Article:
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We're considering switching our storage format from BAM to CRAM. We work with human cancer samples, which may have very low prevalence variants (i.e. not diploid frequency).

If we use lossy CRAM to save more space, how much will variants called from those CRAM files change? Which compression strategy has the lowest impact?

Are there any other impacts on downstream tools that we're not considering?

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    $\begingroup$ CRAM doesn't need to be lossy, is there a reason you need it to be? $\endgroup$
    – Devon Ryan
    Jun 8 '17 at 14:58
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    $\begingroup$ Saving disk space. We pay by the GB and need to keep the data around for 10 years. $\endgroup$ Jun 8 '17 at 15:02
  • $\begingroup$ Can't argue that budget isn't a good reason :) $\endgroup$
    – Devon Ryan
    Jun 8 '17 at 15:08
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    $\begingroup$ Interesting question. I think this is the kind of thing that makes a nice side project. Take a bam file call the variants, transform it to cram and run the variant caller. Measure the difference and the variant concordance between the two approaches using a number of different files. $\endgroup$
    – eastafri
    Jun 8 '17 at 15:16
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    $\begingroup$ BAM files are zipped with standard gzip compression. Unzip them to "naked BAM" - not my terminology - and re-zip them with something stronger like 7zip/LZMA. You can always re-zip them again with the bgzip tool when you need them back in true BAM format again. This gets you most of the way there filesize-wise without really changing the format, which could be good if you've got things set up how you like. Not an answer because it doesn't answer your question but it might solve your problem. $\endgroup$
    – J.J
    Jun 8 '17 at 22:32
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By default, a CRAM you create with samtools is lossless. It typically halves the input BAM in terms of file size. If you want to compress more, you can let samtools convert most read names to integers. You won't be able to tell optical duplicates from read names, but this is a minor concern. You can also drop useless tags depending on your mapper and the downstream caller in use. For cancer data, I wouldn't reduce the resolution of base quality without comprehensive benchmarks. Unfortunately, base quality takes most of space in CRAM. Discarding the original read names and some tags probably won't save you much space.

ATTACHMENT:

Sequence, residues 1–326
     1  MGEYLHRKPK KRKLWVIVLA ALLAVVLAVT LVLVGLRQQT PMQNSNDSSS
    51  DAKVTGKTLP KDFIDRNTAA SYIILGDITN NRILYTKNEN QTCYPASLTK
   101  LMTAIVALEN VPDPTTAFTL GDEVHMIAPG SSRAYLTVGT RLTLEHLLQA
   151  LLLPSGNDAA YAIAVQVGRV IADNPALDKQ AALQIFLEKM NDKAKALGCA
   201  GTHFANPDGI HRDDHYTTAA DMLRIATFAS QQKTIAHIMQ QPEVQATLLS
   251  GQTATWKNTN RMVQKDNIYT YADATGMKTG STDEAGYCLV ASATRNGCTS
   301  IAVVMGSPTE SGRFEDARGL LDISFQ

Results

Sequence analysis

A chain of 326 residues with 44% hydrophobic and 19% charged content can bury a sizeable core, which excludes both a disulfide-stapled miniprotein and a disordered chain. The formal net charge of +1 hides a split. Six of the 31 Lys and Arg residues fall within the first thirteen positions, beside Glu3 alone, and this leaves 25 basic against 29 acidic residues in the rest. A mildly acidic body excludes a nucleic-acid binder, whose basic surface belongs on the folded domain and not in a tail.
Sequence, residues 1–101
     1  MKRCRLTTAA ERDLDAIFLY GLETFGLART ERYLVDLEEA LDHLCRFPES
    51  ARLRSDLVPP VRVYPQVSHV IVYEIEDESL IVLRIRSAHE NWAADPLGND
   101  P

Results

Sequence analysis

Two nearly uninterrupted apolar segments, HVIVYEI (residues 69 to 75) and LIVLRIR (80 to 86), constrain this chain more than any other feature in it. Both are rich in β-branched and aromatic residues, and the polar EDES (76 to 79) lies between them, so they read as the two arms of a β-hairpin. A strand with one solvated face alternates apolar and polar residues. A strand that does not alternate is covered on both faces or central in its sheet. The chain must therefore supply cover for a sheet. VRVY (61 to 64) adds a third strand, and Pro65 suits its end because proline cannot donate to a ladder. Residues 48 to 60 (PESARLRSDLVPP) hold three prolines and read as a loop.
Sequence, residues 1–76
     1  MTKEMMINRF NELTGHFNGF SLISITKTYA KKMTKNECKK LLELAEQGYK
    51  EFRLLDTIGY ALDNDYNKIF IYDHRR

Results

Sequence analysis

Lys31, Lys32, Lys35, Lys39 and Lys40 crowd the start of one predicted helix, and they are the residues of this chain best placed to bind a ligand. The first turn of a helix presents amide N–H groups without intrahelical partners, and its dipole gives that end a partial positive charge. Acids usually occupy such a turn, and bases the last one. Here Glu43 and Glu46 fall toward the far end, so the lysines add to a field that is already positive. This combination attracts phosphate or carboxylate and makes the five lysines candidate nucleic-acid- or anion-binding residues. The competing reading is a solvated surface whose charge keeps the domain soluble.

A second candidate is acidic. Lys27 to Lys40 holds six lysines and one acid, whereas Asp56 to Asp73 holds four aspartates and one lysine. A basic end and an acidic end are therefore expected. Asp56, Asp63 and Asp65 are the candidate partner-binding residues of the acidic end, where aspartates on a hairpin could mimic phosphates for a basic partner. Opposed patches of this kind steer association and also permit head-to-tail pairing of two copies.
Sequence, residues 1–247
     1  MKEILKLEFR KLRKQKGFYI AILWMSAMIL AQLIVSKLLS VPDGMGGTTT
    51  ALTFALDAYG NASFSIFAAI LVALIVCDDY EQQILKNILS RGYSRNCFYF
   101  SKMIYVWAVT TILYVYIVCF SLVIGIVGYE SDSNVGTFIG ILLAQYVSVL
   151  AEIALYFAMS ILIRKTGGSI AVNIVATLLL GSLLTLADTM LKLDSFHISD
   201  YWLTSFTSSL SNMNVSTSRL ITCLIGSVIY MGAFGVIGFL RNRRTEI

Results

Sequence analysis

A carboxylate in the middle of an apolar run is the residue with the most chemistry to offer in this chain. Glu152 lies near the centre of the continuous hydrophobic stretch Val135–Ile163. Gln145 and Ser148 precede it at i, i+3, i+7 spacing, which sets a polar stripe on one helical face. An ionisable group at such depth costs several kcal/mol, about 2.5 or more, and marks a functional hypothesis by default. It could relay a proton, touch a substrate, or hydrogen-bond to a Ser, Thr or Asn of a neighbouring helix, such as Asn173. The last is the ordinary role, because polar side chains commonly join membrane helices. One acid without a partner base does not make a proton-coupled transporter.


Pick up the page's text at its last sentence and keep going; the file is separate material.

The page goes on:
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  • $\begingroup$ These are all great suggestions for reducing file size without losing information, but don't address the main question: the effect of lossiness on variant calls. $\endgroup$ Jun 8 '17 at 16:24
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    $\begingroup$ @DanielS If you don't touch bases and qualities and name pairing, you won't change the variant calls. $\endgroup$
    – user172818
    Jun 8 '17 at 16:27
  • $\begingroup$ Yes, but then that's not really lossy, is it? Doesn't lossy compression conventionally involve changing the sequence and/or quality values for greater compression efficiency? $\endgroup$ Jun 8 '17 at 16:30
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    $\begingroup$ That depends on the definition of "lossy" :) To me, losing read names and tags is lossy. $\endgroup$
    – user172818
    Jun 8 '17 at 16:41
  • $\begingroup$ ¯\_(ツ)_/¯ You yourself said that calls shouldn't change if the sequence and quality are unchanged. So everything else is ancillary. Don't get me wrong, I think it's valuable to point out that it's possible to reduce file size without changing sequence or quality, but it seemed pretty clear to me that the OP was talking about lossy compression of the sequence and/or quality scores. $\endgroup$ Jun 8 '17 at 16:49
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The main concern has always been the "binning" of quality scores that occurs via CRAM compression (and is also standard on the HiSeqX, HiSeq4000, and NovaSeq platforms). Anecdotally, I can report very little difference between 4-bin quality scores and full quality scores on cancer samples, though I don't know if I've seen a direct head-to-head comparison.

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  • $\begingroup$ +1. My colleagues have done some benchmarks to show 4-bin has little effect on germline samples. I have seen the similar. Cancer samples always make me wary, though. It would be great if someone do a systematic evaluation on cancer samples. I haven't seen one so far. $\endgroup$
    – user172818
    Jun 9 '17 at 16:32

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